There were three kinds of fillings – veg, sweet black beans, and what was seemingly like the best dumpling filling ever. I wolfed down the three buns before I even reached the end of the street. They were that good! So what did this girl do? I retraced my steps and bought three more with the dumpling filling. (I was famished! Sue me.)
|the best bun shop ever!|
This time, I decided to eat them while sitting down (at least.) Mercifully, I found a pretty spot and proceeded to eat two of my buns. I was half-way through the second when I noticed a sign (or was it a map) of Xintiandi! Evidently, I was sitting at an entrance to Xintiandi. Isn’t that hysterical?!
|the yummiest bun I've ever eaten!|
|the nice spot where I ate the tastiest bun ever|
Xintiandi is a complex of restaurants and shops, divided by alleyways and courtyards. Stores were well-appointed and the clientele was designer-clad. There were a couple of familiar names like Shanghai Tang, Starbucks, and Coffee Bean & Tea Leaf. I wanted to warm myself with a cup of tea from Starbucks but was stopped dead cold when my conversion amounted to a good P200. (Goodness! For a cup of tea?!) So instead, I decided to head back to the hostel to fetch my luggage and head, yet again, for Shanghai Hongqiao Railway Station.
|an alley at Xintiandi|
|Angelina Jolie and Johnny Depp in Chinese|
The day before, I bought a train ‘sit’ ticket from Shanghai to Beijing instead of a ‘sleep’ one (which was double the price.) The ride was, after all, only ten hours. In theory, it’s much like taking a long-haul flight, right? Boy, was I wrong.
The train seats were similar on Philippine buses, though in this case two passengers sit on the left and three on the right. I had a window seat which was actually good. But next to me was a tweenie whose mobile rung every ten minutes and would wake everyone up except her. I had to nudge her every time the phone rung so she could answer it. To her left was an old man who kept on fidgeting every three minutes causing the entire row of seats to shake. And that’s hardly tolerable when it’s 1030 in the evening and all you want to do is sleep.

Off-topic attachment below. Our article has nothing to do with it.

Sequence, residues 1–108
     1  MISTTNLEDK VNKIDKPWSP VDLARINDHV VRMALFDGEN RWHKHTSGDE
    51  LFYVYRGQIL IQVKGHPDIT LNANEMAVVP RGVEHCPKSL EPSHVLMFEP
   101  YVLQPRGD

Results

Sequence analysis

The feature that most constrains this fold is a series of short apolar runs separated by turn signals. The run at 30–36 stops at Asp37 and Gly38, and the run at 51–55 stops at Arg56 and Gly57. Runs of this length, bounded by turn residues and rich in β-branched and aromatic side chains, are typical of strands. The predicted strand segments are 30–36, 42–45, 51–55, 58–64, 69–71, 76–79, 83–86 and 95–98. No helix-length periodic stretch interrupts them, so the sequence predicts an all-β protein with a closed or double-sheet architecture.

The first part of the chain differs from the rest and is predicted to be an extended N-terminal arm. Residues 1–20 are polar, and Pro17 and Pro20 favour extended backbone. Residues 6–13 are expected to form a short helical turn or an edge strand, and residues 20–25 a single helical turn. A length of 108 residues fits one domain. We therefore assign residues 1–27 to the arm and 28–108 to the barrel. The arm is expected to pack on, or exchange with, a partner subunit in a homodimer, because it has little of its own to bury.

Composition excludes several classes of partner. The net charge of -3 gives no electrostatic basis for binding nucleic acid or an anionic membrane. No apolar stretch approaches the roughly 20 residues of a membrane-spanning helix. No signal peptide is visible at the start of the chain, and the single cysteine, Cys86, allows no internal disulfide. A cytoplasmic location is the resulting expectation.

An hour and a half into our journey, I couldn’t take it anymore. I asked the train attendant if I could move to a cabin. She said I could, if and only if there still was an empty bunk after we made our final stop. Mercifully, at around 11:15, the attendant came up to me and guided me to an empty cabin. Unfortunately though, this promise of a good eight-hour sleep cost me a little over US$100. (It would’ve cost me less if I took the plane!)
Together with me in the cabin was a couple. They appear to have been woken up by the attendants, too. Thus when we were directed to our cabin, we quietly went on our merry ways. They went straight for the upper bunks and I slept in a lower one.
The bunk bed was really comfortable, wrapped in good white sheets and punctuated with a soft standard-size pillow. I had my own LCD TV, earphones, a reading light, and a magazine. Next to the window was a table with a thermos of hot water.
|train attendants having breakfast|
|my cabin number. slept on bunk 29|
|watched Chinese-speaking 'Jack' and 'Rose' on this one|
|good morning, Beijing! want a nice cup of tea?|
I inexplicably woke up in the middle of the night and so turned on the TV to induce sleep. With headphones on, I channel surfed and stumbled upon ‘Titanic.’. So there I was, thundering my way to Beijing while watching Jack and Rose fight for their love against an iceberg, a sinking ship, and society in Chinese. I guess, there were worse ways to spend the night.
I woke up the next day as the train approached Beijing South Railway station.
*Read about my adventures in Beijing on my next post.
*Read about my adventures in Beijing on my next post.